Category: Motherhood

The Fiery Wrath of the Old Mother

The Fiery Wrath of the Old Mother

It was a beautiful evening with shades of marmalade on the horizon. She stared at the hues of the evening sky as the sun set behind the blue hills. She and her sisters eagerly awaited the arrival of their father. On days like this, when their father returned from the hunt, a feast was laid for dinner. As their mother set the vessels on the cemented floor for supper, there was a loud crash. She woke up with a startle.

She was no longer in her childhood home. What a sweet dream it has been! She was in her bed; in the house that was also hers; the place that gave her everything-her family, children, love, and riches. Except that it did not feel like that womb of a home where her parents had lived and loved.

Striding turbulent paths

   I was not an easy journey that she had been through. Married at 14 to a man who was then 26, every day of those initial years in her new home was a nightmare. Her father taught her everything; all of the life survival skills- except how to retort when she had to.

The abuse she withstood was not physical, but she kept to herself the kind of harsh profanity her aurally sensitive nerves were subjected to. All the while, the man she believed in, the respectable and untainted gentleman was but a mute spectator.

During those days, when telephones were still a mystery in her part of the world, her house was one among the few that was illuminated after dusk. She had always envied those people who did not have access to electricity, for their days started at the crack of the morning light and ended when all other living beings in the neighbouring forests retired to their dwelling place.

At the crack of dawn, she would be up rushing with the household chores. And after all the mouths were fed and the responsibilities at home fulfilled, she rushed to the field. There she toiled until it was time for the vibrant avian folk to return to their nests.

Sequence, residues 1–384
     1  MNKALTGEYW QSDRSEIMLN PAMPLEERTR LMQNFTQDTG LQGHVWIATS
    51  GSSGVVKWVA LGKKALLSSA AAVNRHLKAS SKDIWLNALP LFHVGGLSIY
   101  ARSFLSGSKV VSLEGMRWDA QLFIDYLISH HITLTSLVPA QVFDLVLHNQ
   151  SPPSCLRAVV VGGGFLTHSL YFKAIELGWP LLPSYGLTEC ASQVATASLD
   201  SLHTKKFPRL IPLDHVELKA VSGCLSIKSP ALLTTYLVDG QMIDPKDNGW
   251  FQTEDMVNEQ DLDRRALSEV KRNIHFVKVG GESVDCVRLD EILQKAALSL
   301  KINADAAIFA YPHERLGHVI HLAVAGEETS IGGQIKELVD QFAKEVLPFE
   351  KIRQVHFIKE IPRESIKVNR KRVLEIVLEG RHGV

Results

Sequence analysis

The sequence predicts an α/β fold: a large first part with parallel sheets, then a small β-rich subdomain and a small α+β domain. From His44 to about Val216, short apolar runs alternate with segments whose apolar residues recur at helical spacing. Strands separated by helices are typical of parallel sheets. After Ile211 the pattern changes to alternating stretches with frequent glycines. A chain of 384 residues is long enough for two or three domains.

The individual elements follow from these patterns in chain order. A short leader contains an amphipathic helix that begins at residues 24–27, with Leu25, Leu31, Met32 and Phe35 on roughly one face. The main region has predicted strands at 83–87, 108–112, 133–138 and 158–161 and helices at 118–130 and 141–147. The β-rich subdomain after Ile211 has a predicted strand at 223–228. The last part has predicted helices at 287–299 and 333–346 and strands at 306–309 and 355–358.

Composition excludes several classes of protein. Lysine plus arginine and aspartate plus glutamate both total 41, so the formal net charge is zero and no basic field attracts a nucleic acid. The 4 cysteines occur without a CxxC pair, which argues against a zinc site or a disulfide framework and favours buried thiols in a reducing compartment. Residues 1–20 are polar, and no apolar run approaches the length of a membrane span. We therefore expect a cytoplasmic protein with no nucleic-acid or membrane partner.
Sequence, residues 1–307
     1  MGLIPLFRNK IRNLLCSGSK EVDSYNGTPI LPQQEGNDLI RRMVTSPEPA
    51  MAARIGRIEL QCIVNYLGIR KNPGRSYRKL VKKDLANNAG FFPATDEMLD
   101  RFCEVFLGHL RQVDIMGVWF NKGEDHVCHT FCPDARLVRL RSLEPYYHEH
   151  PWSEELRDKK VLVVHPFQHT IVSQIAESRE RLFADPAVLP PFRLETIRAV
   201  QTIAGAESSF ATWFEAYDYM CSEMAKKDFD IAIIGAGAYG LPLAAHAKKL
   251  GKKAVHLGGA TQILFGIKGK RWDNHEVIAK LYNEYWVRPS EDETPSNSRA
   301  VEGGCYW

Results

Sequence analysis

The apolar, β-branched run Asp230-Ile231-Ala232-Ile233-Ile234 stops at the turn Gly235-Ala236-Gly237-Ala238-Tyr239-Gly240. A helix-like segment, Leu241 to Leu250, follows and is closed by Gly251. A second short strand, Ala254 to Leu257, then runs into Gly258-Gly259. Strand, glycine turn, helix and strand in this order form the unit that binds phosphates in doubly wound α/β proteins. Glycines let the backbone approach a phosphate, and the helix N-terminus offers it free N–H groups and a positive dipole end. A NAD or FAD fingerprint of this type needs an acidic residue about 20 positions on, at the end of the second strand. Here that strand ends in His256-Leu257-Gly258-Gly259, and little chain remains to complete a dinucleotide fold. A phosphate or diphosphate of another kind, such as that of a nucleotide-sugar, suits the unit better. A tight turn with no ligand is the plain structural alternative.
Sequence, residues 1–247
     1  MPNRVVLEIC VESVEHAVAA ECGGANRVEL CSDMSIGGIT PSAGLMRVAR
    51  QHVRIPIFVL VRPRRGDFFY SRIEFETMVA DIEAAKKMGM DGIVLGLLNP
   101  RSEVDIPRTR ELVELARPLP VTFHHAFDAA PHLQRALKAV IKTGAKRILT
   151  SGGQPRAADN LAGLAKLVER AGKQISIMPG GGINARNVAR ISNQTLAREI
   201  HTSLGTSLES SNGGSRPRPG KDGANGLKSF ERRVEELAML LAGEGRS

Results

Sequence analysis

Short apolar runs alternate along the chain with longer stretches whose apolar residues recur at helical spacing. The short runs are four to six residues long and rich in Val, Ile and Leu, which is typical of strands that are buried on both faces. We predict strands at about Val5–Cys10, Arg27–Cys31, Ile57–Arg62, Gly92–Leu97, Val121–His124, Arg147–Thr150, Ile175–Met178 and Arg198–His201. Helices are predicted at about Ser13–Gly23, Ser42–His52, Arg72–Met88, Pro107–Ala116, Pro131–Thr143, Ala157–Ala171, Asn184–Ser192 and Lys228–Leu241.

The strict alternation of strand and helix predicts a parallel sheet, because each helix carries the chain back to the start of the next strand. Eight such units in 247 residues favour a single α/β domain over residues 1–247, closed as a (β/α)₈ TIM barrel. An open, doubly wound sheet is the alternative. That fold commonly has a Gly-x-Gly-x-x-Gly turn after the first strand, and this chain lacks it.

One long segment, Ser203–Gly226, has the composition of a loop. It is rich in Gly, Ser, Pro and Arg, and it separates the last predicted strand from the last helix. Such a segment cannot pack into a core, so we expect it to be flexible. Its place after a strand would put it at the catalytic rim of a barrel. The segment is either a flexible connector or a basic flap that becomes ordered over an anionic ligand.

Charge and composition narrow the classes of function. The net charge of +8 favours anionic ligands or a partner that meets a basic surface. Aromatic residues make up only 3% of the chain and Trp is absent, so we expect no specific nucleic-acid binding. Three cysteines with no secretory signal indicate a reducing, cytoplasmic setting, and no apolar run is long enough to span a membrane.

Before winter arrived with the distressing frost and steady drizzle, the harvested grains had to be dried. The ones meant for storage went right into the massive, 3 feet high teak boxes.  The other half of the grains had to milled and ground into fine flour- all manually.

Looking back, she wondered what gave her that kind of supreme mental and physical toughness. It did not matter; the journey is in its final phase – well almost. She had no regrets, except the fury that was buried deep down in the pit of her abdomen.

The Boundless Joy of Parenting

     Two years into her marriage, she learned to ignore the taunting jeers that were a norm with the 50-year-old matriarch of the family. The spouse who left for work came home only to catch up on a few hours of rest. Though she drifted into spells of loneliness, it helped that her parents lived just an hour’s walk away.

Soon after she turned 17, he arrived, a plump mass of a bundle, with blood red roses for cheeks. The happiness within her reached a zenith. Dharma, she had named him.  In the next 12 years, she had four more cherubic children, two boys and two girls whom to her were nothing less than celestial beings that graced her life with boundless cheer.

The years that followed were grim and challenging. It was the affection that she received from the paternal home and the devotion she held for her young ones that helped her wade through the troublesome times.

The Denied Inheritance

   It was evident that the field where she toiled and the house that she lived in belong to her. It was a part of her husband’s inheritance. That was what she was told, and in concurrence with the times, the verbal announcement was to be followed by the next generation. There was no documentation process unless the property left the holds of the family.

She was a believer in promises. But her husband’s brethren failed to believe in the power of the given word. Soon they were gone- the piece of land she worshipped and her shelter.

After a few months of living with her kind sibling, she returned to the hamlet that she now called her home-this time determined to fight for her dignity.

With her savings and substantial help from her father, she bought a bit of neglected land, worked on it and saw a bountiful harvest after a year. In a few years, slowly it came up; the roof held by the intricate rafters that she now saw from her bed. Within every brick lies the rage that she had cautiously swallowed so that it would not disturb the fabric of her home.

Time moved on

   Soon the years rolled by and one by one they left the house, except for the youngest. The youngest, named Kubera, stayed with his parents. The fields that now spread across the neighbouring hills were now his responsibility. He is to share it with his brothers (employed in the city) when the time comes.